Tour Surveys Hurricane Damage in Historic Dronningens Quarter

Houses climb the hill on Garden Street. (David MacVean photo)
Houses climb the hill on Garden Street. (David MacVean photo)

The St. Thomas Historical Trust hosted a walking tour Sunday through one of the oldest neighborhoods on St. Thomas. About 30 members of the Historical Trust gathered at Emancipation Garden and were led up Garden Street by Felipe Ayala, Jr., a volunteer on the Board of Trustees, and member of the Education Committee.

The St. Thomas Historical Trust is sponsoring a series of educational meetings promoting the preservation of the island’s architectural heritage, assessing recent storm damage, and preparing for the upcoming hurricane season. Ayala said volunteers and professionals are working together “to protect historic buildings, documents, furniture and art.”

Mango tree roots crack through a retaining wall. (David MacVean photo)
Mango tree roots crack through a retaining wall. (David MacVean photo)

The valley between Government Hill and Synagogue Hill is filled with roads, homes, and drainage gutters built by the Danes in the early 1800’s. City planners stepped the houses up the hills to maximize the trade winds and views. A section of the valley is known as Over Vandet, Danish for “Over the Water,” with some houses and roads built across the drainage canals. The neighborhood was designed to let the heaviest tropical rains flow naturally down the step valley. Some modern construction, as well as a lack of maintenance, blocked the drainage built by Danish engineers and increased the impact of recent hurricanes.

Poorly maintained drainage gullies increased hurricane damage in the neighborhood. The Danes built the drains in the early 1800s. (David MacVean photo)
Poorly maintained drainage gullies increased hurricane damage in the neighborhood. The Danes built the drains in the early 1800s. (David MacVean photo)

A majority of the homes in the valley were built before 1857. Some are lovingly cared for, with fresh paint and blooming gardens. They harken back to the origin of the neighborhood’s iconic street name, where families completed terraces filled with orchids, colorful vines, and flowering lignum vitae trees. Other buildings have been ruined by a lack of care and are overrun by foliage. The ficus tree is a major culprit, with airborne seeds that can send roots down drainage pipes from a roof and eventually topple walls.

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Another culprit is complicated ownership dynamics, where properties have been handed down over generations, and the multiple family members can’t decide whether to invest in restoring the property or finding a buyer.

A private owner has plans to restore this old home in the district. (David MacVean photo)
A private owner has plans to restore this old home in the district. (David MacVean photo)

The good news is that many of the old structures have amazingly strong foundations and walls, built with the famous Virgin Island composite masonry, with crushed shells, local volcanic rock, and European ballast stones in the mix. The composite was then covered with a white plaster that was made with lime cooked with crushed shell.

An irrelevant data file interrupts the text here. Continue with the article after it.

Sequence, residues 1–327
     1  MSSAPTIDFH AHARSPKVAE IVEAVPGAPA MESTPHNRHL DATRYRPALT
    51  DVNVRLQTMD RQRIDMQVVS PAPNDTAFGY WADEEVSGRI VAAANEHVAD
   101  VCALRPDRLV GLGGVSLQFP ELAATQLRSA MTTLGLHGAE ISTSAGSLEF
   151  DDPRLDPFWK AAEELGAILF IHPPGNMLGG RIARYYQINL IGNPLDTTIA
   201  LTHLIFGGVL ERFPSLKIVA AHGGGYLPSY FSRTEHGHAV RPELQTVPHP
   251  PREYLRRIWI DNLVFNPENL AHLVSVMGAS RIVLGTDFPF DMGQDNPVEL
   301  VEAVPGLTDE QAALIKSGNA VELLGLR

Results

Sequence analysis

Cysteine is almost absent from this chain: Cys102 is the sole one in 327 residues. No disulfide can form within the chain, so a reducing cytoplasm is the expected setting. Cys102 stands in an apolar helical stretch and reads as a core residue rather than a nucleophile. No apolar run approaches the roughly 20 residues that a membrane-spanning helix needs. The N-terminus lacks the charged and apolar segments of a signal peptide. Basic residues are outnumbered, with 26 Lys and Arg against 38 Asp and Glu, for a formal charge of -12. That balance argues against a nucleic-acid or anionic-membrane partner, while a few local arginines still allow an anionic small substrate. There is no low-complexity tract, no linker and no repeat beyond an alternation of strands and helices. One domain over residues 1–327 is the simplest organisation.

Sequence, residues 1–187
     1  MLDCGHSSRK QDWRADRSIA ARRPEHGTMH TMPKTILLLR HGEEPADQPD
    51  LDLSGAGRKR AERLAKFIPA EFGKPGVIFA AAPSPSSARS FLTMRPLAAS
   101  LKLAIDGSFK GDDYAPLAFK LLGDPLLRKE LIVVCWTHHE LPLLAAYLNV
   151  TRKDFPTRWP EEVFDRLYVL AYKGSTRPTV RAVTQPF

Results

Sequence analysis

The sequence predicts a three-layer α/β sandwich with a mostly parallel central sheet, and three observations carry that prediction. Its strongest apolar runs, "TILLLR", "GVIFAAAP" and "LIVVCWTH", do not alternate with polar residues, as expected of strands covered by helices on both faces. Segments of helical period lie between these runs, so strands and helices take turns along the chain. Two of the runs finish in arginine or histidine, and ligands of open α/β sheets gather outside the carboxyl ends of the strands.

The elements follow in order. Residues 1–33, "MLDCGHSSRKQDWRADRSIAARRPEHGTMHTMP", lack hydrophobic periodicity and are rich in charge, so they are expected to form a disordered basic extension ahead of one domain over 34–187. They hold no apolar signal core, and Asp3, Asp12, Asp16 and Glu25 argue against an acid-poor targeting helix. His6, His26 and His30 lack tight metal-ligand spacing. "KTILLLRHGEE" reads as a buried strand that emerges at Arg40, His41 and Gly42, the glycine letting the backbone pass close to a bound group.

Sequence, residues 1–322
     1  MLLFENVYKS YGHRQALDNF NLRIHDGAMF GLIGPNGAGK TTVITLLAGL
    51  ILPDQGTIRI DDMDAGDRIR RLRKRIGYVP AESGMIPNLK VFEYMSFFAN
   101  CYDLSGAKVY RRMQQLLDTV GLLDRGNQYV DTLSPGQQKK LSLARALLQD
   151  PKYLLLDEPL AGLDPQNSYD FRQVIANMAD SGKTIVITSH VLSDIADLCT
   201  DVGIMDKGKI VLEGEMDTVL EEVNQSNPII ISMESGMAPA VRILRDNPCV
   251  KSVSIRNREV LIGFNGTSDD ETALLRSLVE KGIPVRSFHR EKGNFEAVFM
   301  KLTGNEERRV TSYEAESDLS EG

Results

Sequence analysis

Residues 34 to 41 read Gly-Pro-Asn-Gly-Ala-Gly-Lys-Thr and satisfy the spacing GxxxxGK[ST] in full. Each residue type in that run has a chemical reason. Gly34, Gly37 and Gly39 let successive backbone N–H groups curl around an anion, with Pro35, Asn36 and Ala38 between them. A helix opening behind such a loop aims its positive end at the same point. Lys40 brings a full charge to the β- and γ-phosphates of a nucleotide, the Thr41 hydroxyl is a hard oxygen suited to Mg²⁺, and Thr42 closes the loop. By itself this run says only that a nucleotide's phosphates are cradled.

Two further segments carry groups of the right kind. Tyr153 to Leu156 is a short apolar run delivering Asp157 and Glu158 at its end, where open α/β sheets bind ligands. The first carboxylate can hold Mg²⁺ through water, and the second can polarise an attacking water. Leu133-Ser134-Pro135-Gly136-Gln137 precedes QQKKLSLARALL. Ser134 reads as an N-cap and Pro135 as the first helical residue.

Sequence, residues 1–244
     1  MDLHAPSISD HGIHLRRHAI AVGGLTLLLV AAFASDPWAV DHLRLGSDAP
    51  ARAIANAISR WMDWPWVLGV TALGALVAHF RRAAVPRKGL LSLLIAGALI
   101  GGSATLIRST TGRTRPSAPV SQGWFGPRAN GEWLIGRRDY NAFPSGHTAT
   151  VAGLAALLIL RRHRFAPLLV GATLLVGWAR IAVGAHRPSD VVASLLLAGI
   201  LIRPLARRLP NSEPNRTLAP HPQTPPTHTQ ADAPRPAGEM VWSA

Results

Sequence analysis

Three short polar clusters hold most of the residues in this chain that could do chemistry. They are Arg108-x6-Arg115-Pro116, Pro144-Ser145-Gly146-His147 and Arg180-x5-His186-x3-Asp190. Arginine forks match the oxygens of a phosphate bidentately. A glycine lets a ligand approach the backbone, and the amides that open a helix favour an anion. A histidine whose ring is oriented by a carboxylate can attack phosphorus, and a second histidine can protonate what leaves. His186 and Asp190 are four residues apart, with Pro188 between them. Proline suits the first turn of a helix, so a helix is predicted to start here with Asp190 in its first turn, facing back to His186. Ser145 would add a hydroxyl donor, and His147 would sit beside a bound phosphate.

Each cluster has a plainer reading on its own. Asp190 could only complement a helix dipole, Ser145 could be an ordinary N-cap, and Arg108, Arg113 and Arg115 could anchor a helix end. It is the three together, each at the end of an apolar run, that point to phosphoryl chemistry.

The largest structure on Garden Street is the All Saints Cathedral. Construction was begun with slave labor before 1847, the year of emancipation, and then completed by free people.

The tour ended back at Emancipation Garden. Ayala highlighted the 47 “Step Streets,” the most of any Caribbean Island, which crisscross Charlotte Amalie. The walking group had experienced the benefits of wise 19th Century city planning. It has withstood the test of time, if not entirely the tests of modern inaction. A testament to the strength of the original construction is that many of the neglected buildings stand at all after the recent hurricanes. Ayala lamented that once the buildings are ruined by neglect, “the problem is that the cost to restore is now a fortune.”

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3 COMMENTS

  1. I am always observing and admiring the quaint and historical architecture whenever I drive through these areas. But a walking tour reveals so much more, especially when conducted by a knowledgeable person. I would have enjoyed taking this tour. Thanks for the interesting article. Maybe more articles like this would encourage people to take pride in the treasures that surround us, and try to preserve them. Regarding the properties that are decaying due to neglect, isn’t there a law in place that these properties could be claimed by the government when the owners do not improve or preserve them?

  2. Where could you find out about ownership of these houses, or other abandoned properties? My family would love to purchase one and restore it. I am with a group of people that would love to pump currency into the island.

    • I’m no expert, but if you are really interested in restoring an historic building, I would start with the real estate offerings, residential and commercial. These would be pretty straightforward in transfer of ownership. Regarding derelict and/or confiscated properties, it get murkier. The Lt Gov office occasionally auctions off properties, but they seem to have suspended this program, likely due to shady and illegal conduct by bidders and officials in the past. And the law which allows derelict buildings to be confiscated has never, to my knowledge, been enforced. My anecdotal evidence is the PRESENCE of so many derelict buildings, in full view of our main source of revenue, tourists. And that was before the recent hurricanes. The place has been falling down for years. As the article indicated, the old structures only remain standing due to “the strength of the original construction.” I wish you success if you proceed with your endeavor. It would be most welcome.

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